(1835 – 1863)
Pomyalovsky Nikolai Gerasimovich (1835 – 1863), the prose writer. Born April 11 (23 N. s.) On the outskirts of St. Petersburg in the family of a priest. He studied at the parish school, whence in two years he moved to the lower branch of the spiritual school, where senseless cramming, rods and “fist law” reigned.
In 1851, after graduating from college, entered theological seminary. But even here the same methods of teaching and upbringing prevailed, the same barracks situation. The only joy was reading. I read everything that fell into my hands. In high school, he became one of the editors of the hand-written “Seminar Leaflet”, where he placed his story “Mahilov” and an article. In 1857 he graduated from the seminary.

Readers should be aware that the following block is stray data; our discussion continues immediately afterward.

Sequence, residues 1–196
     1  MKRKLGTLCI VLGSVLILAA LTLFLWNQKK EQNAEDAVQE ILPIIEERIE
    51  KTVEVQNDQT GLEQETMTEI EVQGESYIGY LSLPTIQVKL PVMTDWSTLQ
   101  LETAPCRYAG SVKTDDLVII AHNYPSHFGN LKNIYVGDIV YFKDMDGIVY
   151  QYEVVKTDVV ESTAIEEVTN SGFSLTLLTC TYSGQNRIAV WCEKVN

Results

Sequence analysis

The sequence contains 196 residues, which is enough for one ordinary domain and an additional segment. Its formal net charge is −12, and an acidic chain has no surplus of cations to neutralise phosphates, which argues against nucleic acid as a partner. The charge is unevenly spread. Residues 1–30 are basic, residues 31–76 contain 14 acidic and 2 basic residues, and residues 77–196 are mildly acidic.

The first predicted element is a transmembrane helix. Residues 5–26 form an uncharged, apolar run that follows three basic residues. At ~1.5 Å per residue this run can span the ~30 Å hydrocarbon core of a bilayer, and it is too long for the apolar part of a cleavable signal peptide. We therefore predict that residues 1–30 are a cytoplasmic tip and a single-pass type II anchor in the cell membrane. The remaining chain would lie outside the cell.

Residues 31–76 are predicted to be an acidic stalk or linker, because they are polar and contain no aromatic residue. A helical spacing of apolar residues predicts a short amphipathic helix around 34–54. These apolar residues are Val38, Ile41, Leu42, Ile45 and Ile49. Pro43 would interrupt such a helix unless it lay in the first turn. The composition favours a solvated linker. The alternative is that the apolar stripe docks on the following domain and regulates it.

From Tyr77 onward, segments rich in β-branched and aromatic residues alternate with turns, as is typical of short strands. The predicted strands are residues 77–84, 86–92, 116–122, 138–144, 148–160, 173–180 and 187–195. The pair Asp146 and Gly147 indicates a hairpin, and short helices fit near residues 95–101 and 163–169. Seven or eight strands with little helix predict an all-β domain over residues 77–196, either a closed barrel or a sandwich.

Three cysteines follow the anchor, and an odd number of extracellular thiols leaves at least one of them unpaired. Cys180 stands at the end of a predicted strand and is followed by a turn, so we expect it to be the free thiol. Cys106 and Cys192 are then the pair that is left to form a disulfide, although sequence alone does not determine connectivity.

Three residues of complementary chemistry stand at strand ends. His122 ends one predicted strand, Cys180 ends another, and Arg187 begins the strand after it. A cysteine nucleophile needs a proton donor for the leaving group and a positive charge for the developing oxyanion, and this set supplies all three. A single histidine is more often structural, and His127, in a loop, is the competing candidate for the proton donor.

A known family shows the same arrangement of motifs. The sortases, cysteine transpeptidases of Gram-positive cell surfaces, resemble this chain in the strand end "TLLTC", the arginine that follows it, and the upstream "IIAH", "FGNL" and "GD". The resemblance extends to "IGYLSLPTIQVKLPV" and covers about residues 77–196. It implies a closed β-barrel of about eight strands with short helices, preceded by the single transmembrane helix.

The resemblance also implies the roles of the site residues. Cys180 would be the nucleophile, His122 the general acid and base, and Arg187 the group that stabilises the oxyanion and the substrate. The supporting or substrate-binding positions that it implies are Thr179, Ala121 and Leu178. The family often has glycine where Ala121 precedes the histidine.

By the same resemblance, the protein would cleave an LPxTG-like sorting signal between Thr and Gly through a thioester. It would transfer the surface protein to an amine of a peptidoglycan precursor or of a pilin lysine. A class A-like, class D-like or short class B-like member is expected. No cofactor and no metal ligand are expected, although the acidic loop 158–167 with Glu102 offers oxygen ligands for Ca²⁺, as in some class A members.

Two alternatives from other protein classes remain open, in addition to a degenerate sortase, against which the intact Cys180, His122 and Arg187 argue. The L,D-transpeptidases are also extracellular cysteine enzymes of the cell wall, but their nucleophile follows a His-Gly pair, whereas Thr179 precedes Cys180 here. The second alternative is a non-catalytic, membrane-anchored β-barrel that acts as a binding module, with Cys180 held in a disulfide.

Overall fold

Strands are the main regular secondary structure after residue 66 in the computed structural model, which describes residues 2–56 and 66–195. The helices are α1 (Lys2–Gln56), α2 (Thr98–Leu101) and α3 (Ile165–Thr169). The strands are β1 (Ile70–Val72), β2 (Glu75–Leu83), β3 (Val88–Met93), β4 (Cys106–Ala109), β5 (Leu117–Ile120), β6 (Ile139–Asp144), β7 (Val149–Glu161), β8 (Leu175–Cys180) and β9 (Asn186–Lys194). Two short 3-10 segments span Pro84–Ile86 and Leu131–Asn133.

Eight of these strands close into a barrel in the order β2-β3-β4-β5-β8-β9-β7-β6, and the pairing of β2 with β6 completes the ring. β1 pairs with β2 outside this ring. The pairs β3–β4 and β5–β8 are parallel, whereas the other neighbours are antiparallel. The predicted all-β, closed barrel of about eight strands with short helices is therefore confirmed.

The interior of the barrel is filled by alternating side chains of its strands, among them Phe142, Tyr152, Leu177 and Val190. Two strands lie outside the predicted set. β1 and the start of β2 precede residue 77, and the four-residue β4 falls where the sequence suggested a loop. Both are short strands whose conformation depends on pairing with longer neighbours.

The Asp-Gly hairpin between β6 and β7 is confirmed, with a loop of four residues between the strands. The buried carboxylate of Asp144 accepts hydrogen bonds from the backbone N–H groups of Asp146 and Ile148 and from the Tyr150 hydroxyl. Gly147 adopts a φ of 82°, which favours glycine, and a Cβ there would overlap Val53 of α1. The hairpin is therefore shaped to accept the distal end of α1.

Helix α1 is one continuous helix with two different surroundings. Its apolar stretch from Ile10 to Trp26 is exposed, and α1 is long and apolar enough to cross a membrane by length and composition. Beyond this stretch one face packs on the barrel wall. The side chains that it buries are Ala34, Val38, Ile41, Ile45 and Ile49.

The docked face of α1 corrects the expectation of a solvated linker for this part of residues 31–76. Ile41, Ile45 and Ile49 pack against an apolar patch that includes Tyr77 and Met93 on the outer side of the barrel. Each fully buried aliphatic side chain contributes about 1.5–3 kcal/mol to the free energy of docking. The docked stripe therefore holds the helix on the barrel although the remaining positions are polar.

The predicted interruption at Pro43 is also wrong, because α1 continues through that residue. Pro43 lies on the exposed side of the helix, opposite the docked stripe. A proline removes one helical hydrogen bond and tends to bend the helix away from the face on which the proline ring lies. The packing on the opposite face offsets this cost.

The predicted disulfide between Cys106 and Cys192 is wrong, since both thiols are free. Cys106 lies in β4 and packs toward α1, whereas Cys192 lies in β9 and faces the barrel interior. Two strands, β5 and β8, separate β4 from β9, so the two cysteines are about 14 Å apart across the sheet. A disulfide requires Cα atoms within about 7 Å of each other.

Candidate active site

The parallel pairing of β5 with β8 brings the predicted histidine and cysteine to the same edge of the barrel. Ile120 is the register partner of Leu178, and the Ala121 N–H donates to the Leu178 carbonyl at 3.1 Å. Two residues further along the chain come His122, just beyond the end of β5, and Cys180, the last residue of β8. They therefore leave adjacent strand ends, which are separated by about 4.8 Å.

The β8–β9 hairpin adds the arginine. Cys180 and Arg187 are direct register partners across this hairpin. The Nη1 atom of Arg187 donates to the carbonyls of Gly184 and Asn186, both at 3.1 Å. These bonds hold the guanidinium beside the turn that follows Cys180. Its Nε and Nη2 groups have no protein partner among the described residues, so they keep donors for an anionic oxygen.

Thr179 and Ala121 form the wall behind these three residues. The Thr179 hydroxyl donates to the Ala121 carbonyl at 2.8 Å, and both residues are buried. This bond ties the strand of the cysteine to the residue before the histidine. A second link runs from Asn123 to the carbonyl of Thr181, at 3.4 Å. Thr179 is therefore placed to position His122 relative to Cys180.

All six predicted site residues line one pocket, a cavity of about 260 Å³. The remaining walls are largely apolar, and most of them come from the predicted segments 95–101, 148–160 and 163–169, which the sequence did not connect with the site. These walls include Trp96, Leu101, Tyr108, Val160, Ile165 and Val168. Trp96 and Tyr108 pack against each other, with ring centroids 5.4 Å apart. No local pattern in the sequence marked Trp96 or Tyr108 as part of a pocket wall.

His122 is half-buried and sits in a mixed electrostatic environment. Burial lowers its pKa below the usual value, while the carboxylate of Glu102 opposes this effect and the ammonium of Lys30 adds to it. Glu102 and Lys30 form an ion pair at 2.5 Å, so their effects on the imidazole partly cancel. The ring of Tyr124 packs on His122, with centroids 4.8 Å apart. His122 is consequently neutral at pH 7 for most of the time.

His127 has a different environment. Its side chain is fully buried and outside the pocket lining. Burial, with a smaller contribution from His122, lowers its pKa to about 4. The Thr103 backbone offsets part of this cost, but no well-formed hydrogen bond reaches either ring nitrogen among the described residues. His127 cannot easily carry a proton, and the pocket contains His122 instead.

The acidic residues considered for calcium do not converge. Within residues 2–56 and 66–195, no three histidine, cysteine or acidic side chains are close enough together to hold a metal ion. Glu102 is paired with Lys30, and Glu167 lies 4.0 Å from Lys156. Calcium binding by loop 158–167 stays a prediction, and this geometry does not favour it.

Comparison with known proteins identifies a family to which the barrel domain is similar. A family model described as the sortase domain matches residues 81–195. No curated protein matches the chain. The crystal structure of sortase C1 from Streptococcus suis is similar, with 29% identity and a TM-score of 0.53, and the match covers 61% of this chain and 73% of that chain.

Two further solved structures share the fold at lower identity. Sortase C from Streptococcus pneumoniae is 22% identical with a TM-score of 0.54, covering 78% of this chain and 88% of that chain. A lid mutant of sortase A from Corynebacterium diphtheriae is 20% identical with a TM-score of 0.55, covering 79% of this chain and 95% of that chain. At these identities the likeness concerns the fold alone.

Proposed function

The magazine “Contemporary” helped Pomyalovsky to form his views and ideals. “I’m your pupil,” he writes to Chernyshevsky, “while reading the Contemporary, I set my world outlook.”
Since 1860 he began teaching at a Sunday school in the working area of St. Petersburg, discovering an extraordinary pedagogical talent.
In 1861 in Sovremennik he published his novels “Meshchansky Happiness”, and then “Molotov”, which made him famous. Becomes an employee of the Contemporary, approaches Nekrasov and Chernyshevsky, acquires acquaintances among writers and in radical circles of Russian society.
In 1862 – 63 he wrote and published his most famous work – Essays on Bursa; conceives a great novel, “Brother and Sister.” But there is a political reaction: Sunday schools
A short biography from the book: Russian writers and poets. A short biographical dictionary. Moscow, 2000.